The US Embassy in Zimbabwe urged American citizens to "shelter in place" early Wednesday as troops were seen in the streets of the capital amid rising political turmoil surrounding the country's 93-year-old president, Robert Mugabe.
The message from the embassy in Harare cited "ongoing political uncertainty through the night" and added the embassy would be closed to the public on Wednesday. The British embassy issued a similar warning, citing "reports of unusual military activity."
Shortly after the embassy statements, Zimbabwe's army sought to reassure the country that "this is not a military takeover" and that while Mugabe was safe and sound, the military was targeting "criminals around him" who have sent the nation spinning into economic despair.
The army took control of the state Zimbabwe Broadcasting Corporation late Tuesday and an army spokesman made the statement on air early Wednesday.
"As soon as we have accomplished our mission, we expect that the situation will return to normalcy," the army spokesman said, calling on churches to pray for the country.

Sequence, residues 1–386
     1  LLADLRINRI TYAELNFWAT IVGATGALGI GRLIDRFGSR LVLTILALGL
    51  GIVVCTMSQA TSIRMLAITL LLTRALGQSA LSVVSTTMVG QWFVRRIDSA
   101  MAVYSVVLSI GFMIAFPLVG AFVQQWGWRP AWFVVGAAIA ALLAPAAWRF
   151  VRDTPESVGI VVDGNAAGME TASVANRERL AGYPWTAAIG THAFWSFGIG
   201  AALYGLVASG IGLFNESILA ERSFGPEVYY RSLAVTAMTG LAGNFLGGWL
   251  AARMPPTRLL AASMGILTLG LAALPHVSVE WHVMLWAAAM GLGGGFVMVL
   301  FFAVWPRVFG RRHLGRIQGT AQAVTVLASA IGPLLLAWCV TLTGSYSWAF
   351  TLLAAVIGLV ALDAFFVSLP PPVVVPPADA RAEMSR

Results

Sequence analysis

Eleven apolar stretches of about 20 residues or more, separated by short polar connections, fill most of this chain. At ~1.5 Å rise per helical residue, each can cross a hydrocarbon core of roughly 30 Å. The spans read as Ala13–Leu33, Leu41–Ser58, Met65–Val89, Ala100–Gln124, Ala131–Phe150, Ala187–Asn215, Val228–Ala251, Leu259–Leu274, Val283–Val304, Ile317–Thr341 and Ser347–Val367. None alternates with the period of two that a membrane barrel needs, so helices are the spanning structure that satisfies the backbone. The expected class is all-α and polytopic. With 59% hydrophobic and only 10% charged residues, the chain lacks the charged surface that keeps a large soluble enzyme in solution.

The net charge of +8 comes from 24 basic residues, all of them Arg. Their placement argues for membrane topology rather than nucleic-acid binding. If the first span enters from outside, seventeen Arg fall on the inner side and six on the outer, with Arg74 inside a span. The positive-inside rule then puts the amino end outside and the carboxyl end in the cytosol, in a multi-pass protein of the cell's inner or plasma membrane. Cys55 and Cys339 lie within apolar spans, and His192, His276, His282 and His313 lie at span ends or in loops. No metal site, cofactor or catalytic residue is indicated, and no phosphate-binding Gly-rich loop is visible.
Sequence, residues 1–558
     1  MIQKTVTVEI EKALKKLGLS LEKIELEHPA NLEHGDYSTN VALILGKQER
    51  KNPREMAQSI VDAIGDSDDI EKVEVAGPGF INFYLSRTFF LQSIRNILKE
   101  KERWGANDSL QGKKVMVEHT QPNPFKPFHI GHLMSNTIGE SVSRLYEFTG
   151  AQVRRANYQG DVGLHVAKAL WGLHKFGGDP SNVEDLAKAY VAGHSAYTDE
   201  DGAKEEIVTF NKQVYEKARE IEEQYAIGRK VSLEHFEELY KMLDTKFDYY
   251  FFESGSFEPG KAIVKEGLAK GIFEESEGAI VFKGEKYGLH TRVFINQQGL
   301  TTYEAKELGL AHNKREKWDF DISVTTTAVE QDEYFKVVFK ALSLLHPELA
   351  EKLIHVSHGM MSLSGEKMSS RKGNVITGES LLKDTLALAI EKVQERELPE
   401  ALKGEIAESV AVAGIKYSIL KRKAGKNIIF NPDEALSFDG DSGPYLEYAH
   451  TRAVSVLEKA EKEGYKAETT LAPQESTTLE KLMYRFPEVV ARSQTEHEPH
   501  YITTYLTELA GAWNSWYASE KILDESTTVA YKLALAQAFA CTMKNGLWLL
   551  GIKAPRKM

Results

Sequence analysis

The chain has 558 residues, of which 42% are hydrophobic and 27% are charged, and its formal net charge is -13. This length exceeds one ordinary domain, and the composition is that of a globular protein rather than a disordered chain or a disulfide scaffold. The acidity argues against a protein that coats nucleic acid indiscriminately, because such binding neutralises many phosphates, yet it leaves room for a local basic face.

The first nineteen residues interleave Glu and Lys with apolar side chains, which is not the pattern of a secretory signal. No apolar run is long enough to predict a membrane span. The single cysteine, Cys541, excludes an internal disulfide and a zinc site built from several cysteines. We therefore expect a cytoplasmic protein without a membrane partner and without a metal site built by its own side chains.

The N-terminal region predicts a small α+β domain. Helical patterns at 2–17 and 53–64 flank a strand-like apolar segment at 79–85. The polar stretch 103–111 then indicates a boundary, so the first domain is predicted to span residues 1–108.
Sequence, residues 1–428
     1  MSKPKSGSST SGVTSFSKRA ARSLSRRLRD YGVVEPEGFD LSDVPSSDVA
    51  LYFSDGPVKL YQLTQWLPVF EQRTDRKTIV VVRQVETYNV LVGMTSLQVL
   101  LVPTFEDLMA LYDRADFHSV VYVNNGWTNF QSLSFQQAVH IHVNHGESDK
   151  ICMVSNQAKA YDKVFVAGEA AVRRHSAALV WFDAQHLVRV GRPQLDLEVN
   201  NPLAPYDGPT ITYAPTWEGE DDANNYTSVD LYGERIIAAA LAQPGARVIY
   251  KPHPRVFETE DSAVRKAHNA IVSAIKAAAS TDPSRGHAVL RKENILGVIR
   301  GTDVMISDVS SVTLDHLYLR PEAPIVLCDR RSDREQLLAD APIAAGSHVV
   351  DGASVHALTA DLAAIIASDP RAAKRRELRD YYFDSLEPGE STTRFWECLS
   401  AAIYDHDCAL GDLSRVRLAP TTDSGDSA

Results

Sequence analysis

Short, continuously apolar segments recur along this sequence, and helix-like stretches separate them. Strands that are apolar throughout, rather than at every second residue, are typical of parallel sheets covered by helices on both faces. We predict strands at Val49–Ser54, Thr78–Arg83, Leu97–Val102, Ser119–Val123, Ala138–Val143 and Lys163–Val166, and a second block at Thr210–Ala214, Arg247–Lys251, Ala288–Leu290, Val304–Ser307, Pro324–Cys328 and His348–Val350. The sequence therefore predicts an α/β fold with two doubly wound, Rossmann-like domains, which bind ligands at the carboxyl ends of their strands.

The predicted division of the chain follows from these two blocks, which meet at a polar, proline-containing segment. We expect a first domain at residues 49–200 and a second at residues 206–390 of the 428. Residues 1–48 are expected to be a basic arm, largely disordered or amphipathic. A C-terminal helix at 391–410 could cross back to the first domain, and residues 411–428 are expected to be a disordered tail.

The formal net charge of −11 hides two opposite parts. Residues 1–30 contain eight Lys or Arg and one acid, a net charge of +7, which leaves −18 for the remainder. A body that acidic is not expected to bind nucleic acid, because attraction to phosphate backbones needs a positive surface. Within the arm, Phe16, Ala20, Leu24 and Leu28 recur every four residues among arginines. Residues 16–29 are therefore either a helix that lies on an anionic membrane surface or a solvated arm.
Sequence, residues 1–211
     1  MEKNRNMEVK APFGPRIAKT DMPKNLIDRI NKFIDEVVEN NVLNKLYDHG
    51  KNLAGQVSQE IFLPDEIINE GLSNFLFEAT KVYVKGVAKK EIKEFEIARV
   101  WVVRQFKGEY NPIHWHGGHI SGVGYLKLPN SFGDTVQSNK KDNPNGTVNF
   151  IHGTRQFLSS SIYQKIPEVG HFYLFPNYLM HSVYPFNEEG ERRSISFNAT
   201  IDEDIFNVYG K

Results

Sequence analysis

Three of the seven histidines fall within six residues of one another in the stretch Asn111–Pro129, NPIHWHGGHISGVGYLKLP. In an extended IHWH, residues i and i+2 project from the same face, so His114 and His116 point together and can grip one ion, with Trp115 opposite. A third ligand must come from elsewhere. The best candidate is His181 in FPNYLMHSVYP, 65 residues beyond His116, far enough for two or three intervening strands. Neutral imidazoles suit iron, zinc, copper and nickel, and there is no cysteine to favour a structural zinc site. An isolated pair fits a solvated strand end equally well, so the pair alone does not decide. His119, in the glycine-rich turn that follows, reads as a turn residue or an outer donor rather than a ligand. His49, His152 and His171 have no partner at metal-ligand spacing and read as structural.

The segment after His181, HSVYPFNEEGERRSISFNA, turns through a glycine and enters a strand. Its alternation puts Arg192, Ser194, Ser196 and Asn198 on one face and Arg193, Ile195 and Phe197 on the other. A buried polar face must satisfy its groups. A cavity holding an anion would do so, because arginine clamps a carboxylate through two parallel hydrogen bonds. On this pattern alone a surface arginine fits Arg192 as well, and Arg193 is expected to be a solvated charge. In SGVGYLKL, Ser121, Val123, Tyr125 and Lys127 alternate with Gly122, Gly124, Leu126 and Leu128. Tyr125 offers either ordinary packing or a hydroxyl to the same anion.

It was not clear where Mugabe and his wife were early Wednesday. "Their security is guaranteed," the army statement said. The president reportedly attended a weekly Cabinet meeting Tuesday.
On Monday, army commander Constantino Chiwenga issued an unprecedented statement saying purges against senior ruling ZANU-PF party officials, many of whom like Mnangagwa fought for liberation, should end "forthwith."
On Tuesday night the ruling party issued a statement accusing the army commander of "treasonable conduct," saying his comments were "clearly calculated to disturb national peace and stability" and were "meant to incite insurrection."
Frustration has been growing in once-prosperous Zimbabwe as the economy collapses under Mugabe. The country was shaken last year by the biggest anti-government protests in a decade, and a once-loyal war veterans association turned on the president, calling him "dictatorial" and blaming him for the economic crisis.